Following the American Civil War Sesquicentennial with day by day writings of the time, currently 1863.

by John Beauchamp Jones

            JANUARY 12TH.—Hundreds were skating on the ice in the basin this morning; but it thawed all day, and now looks like rain.

            Yesterday the President vetoed a bill appropriating a million dollars to clothe the Kentucky troops. The vote in the Senate, in an effort to pass it nevertheless, was 12 to 10, not two-thirds. The President is unyielding. If the new Conscription act before the House should become a law, the President will have nearly all power in his hands. The act suspending the writ of habeas corpus, before the Senate, if passed, will sufficiently complete the Dictatorship.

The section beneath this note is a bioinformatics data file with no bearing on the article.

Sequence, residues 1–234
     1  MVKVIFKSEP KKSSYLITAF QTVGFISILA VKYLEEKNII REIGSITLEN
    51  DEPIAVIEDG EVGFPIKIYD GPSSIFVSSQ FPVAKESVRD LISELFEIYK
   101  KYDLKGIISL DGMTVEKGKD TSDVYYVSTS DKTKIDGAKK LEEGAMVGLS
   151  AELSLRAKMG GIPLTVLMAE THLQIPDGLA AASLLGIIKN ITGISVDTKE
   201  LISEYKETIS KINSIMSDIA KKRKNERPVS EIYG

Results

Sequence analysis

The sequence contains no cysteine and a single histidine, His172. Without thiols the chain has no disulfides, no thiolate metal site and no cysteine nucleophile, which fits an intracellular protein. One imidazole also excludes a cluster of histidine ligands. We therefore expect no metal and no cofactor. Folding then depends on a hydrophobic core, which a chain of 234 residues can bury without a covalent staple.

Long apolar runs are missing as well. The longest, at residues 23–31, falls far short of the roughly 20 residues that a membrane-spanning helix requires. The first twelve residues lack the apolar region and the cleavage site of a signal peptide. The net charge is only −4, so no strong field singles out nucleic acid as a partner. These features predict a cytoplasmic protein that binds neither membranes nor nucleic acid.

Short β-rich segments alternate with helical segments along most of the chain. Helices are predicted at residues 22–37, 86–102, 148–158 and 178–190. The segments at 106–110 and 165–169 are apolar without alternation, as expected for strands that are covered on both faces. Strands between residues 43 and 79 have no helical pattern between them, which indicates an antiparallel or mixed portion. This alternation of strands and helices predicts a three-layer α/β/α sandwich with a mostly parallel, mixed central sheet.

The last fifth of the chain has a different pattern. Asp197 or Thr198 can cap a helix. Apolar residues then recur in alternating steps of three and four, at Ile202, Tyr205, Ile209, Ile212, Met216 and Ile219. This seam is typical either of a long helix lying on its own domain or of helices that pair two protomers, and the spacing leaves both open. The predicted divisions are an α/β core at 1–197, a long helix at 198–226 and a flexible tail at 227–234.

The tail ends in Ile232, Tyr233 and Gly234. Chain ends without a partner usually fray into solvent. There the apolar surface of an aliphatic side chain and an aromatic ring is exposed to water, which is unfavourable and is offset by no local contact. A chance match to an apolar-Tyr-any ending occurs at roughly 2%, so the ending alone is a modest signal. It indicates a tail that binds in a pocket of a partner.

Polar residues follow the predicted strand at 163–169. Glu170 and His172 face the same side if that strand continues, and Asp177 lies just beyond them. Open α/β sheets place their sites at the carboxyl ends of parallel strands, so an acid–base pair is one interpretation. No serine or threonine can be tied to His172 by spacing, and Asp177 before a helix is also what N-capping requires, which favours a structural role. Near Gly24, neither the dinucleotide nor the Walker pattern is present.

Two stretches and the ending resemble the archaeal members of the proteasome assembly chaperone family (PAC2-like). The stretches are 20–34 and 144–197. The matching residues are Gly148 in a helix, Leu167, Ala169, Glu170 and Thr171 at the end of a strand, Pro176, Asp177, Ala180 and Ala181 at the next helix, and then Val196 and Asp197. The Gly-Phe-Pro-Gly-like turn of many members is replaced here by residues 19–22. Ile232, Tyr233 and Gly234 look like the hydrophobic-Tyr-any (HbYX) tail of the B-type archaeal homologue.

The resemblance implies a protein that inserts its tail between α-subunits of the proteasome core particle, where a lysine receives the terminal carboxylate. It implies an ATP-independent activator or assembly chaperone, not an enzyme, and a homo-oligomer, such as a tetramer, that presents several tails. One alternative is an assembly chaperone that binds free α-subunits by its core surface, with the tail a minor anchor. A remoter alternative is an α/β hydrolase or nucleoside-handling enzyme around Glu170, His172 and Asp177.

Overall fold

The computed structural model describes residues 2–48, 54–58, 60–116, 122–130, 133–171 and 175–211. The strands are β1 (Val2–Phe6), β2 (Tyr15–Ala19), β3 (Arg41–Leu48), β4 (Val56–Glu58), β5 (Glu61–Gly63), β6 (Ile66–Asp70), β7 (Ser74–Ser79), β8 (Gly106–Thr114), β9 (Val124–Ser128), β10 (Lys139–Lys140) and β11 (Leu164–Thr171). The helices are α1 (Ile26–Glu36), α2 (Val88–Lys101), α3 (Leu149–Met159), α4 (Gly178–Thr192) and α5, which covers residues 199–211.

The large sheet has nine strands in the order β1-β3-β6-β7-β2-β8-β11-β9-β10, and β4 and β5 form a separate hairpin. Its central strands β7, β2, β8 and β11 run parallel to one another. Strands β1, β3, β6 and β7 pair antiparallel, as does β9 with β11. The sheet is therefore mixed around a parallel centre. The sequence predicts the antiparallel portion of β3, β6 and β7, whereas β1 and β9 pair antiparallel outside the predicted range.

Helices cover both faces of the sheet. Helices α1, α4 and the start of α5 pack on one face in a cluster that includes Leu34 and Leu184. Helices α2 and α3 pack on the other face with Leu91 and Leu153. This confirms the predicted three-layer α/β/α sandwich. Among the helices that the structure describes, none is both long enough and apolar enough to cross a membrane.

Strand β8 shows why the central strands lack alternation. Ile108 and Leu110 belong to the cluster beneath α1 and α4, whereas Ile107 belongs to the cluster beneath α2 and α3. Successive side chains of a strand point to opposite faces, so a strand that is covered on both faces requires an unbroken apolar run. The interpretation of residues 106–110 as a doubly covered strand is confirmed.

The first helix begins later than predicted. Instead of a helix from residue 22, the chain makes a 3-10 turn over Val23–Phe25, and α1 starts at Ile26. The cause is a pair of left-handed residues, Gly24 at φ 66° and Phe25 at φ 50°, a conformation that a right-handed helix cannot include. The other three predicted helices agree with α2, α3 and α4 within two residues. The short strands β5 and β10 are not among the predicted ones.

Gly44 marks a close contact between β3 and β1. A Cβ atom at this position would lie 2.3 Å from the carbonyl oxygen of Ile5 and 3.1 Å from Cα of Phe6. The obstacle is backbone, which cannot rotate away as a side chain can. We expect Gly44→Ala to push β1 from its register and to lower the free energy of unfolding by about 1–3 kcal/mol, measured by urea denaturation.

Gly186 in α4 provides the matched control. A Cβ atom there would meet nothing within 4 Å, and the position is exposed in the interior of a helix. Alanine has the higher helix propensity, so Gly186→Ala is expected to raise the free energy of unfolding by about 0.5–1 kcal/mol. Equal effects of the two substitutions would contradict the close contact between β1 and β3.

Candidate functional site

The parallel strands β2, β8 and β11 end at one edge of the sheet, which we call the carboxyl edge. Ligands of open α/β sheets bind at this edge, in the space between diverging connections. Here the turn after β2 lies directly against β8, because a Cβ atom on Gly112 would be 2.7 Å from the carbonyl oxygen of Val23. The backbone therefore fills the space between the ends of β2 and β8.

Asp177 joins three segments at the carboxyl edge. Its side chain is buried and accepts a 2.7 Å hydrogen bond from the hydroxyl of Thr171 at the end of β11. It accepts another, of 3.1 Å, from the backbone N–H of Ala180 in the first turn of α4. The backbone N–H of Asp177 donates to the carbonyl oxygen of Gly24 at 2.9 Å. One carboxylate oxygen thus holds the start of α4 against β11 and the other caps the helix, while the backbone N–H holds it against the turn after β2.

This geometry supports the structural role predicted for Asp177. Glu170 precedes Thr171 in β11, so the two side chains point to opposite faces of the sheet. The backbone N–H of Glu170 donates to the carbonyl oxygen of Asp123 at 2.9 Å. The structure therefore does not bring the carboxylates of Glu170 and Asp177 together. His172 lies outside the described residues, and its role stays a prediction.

Gen. Jos. E. Johnston writes in opposition to the organization of more cavalry.

            Mr. J. E. Murral, Mobile, Ala., writes Judge Campbell that a party there has authority from the United States authorities to trade anything but arms and ammunition for cotton.

            Gen. Winder being directed to send Mr. Hirsh, a rich Jew, to the conscript camp, says he gave him a passport to leave the Confederate States some days ago, on the order of Judge Campbell, A. S. W.             Col. Northrop says supplies of meat have failed.

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